The enthusiastically greeted Greatest Romantic Films of All-Time countdown is now set to commence in April of 2014, sometime around mid-month.  The four months until that launching will be the time to view and re-view films in that genre, and to ponder the selections.  Each voter (e mails will be send to the same group who participated in the just-completed western countdown as well as a few new members who will surely want to be involved with this one) will again be asked to submit a numerical list (1 to 60) of what they favor as the greatest (translated: favorite) romantic films in cinema history.  The definition of what a romantic film is will be left up to the individual voter, but there will understandably be some overlaps from the previous comedy and especially musical countdowns.  But I figure that overlap to be very modest.  Ballots will not be accepted until January 15th, but then will be accumulated all the way up until April 1st.  Once again Voting Tabulator Extraordinaire Angelo A. D’Arminio Jr. will be negotiating the results.  Because the scope of this genre is a wide one, we will be going with a Top 70, as we did with 2011’s spectacularly successful musical countdown.  I will be sending out extensive lists to the voters, but everyone is free to choose whatever films they feel qualify.  The list is just to help gather your memories.  I will soon be in touch with the e mail chain.  To be sure there are many non-American films in this equation–France, Italy, Great Britain, Japan, Hong Kong and numerous other countries have promising entries…..

One firm rule: No writer who previously took on one of the films that will place in the Romantic countdown in one of the previous countdowns can again do the same film.  For example: I did The Sound of Music for the musical countdown.  Should that film make it in again, someone else must handle the essay.

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Screen cap from Paulo Sorrentino’s masterful Italian film “La Grande Bellazza” (The Great Beauty)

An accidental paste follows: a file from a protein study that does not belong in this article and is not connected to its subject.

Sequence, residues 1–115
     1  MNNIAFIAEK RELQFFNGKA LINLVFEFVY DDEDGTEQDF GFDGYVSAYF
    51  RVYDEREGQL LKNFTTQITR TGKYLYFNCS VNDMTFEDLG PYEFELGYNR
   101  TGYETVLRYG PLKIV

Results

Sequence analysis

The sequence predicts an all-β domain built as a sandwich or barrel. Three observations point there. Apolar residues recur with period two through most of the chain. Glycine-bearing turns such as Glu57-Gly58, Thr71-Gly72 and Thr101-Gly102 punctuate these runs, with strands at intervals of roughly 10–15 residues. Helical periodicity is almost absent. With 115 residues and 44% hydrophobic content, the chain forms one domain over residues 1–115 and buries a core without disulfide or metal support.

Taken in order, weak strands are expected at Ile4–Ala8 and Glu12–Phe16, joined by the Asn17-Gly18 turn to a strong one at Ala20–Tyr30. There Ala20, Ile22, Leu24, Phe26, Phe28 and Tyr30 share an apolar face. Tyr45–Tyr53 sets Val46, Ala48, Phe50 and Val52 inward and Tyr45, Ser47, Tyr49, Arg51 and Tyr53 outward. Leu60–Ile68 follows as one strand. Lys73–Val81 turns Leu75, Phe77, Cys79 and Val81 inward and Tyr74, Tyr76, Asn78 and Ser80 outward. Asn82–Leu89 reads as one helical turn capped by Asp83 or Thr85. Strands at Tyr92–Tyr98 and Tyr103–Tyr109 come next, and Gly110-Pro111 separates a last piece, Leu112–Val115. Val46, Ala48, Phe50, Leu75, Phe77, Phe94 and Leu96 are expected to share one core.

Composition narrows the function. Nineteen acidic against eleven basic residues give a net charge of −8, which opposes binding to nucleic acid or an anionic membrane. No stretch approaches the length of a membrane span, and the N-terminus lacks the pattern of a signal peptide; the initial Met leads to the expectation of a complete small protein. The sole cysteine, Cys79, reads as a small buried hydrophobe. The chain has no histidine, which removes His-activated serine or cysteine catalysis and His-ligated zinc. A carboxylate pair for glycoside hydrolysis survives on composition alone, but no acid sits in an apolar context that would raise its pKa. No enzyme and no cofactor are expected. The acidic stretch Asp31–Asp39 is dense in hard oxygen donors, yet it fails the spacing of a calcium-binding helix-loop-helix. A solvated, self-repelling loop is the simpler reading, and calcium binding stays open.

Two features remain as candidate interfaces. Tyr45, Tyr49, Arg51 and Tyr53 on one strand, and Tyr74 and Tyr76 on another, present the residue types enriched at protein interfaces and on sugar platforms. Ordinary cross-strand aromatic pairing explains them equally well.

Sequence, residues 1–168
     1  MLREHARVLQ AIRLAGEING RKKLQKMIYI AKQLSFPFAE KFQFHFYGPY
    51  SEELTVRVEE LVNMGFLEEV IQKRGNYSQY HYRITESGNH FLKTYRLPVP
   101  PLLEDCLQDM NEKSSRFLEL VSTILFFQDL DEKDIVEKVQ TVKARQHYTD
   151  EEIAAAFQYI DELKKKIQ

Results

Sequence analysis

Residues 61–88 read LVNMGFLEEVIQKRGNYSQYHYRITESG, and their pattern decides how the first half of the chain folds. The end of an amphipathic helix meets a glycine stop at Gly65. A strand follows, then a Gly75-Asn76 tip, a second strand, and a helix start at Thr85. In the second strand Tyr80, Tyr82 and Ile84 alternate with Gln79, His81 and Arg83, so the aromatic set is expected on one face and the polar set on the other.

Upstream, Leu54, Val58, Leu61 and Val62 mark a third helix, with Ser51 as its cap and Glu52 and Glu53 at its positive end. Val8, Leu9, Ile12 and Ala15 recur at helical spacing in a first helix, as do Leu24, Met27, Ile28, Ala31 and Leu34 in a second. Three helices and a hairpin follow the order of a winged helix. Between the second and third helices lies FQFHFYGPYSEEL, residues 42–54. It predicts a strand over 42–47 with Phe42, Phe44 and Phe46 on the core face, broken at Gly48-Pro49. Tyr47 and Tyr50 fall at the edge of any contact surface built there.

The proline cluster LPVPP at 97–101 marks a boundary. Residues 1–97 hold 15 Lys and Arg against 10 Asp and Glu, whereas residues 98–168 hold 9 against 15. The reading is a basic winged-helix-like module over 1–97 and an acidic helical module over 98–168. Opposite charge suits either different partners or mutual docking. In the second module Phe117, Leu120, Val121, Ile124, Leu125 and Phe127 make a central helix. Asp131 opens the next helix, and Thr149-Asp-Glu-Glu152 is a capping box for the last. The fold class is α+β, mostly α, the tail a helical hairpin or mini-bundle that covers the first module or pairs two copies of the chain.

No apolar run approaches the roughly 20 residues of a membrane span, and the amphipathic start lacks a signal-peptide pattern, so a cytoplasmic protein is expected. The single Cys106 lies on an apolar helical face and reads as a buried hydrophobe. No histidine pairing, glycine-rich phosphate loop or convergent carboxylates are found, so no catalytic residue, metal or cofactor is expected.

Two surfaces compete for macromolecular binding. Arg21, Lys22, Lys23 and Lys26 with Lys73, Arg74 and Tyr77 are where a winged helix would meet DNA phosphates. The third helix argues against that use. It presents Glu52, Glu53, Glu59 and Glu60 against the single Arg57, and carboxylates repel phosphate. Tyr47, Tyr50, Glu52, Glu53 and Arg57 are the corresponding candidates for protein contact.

by Sam Juliano

The western countdown has concluded after a ten-week roll out here at Wonders in the Dark.  Interestingly enough it began during the oppressive temperatures of Indian Summer and has ended as snow falls on the east coast and in the mid-west.  While the countdown did not match the kind of wide enthusiasm, comments and page views of the musical and comedy countdowns of previous years, it did attract some extraordinary prose by a host of contributors and some diligent attendance by a small group of troupers.  Among those were the brilliant Jon Warner who missed not a single post, and whose mission over the past months has been quite the inspiration for movie lovers, the ever ebullient Sachin Gandhi, who kept the flame burning, and whom I am grateful to for so much support on a personal level, and to Samuel Wilson, Frank Gallo, Mike Norton, Steve Mullen, Pierre de Plume, Tony d’Ambra, Duane Porter,  Jim Clark, Dean Treadway,  Movie Fan, Dennis Polifroni, Tim McCoy and Peter M., all of whom contributed many authoritative and insightful comments over the course of the project.  Mr. Wilson’s work in particular showed again  his impressive knowledge of the genre.  And then there is Dee Dee, whose daily updates on the sidebar and link ups to her ning account have given the countdown added perspective and reference points.  Again she has shown why she has been the heart and soul of this site since it first appeared back in 2009.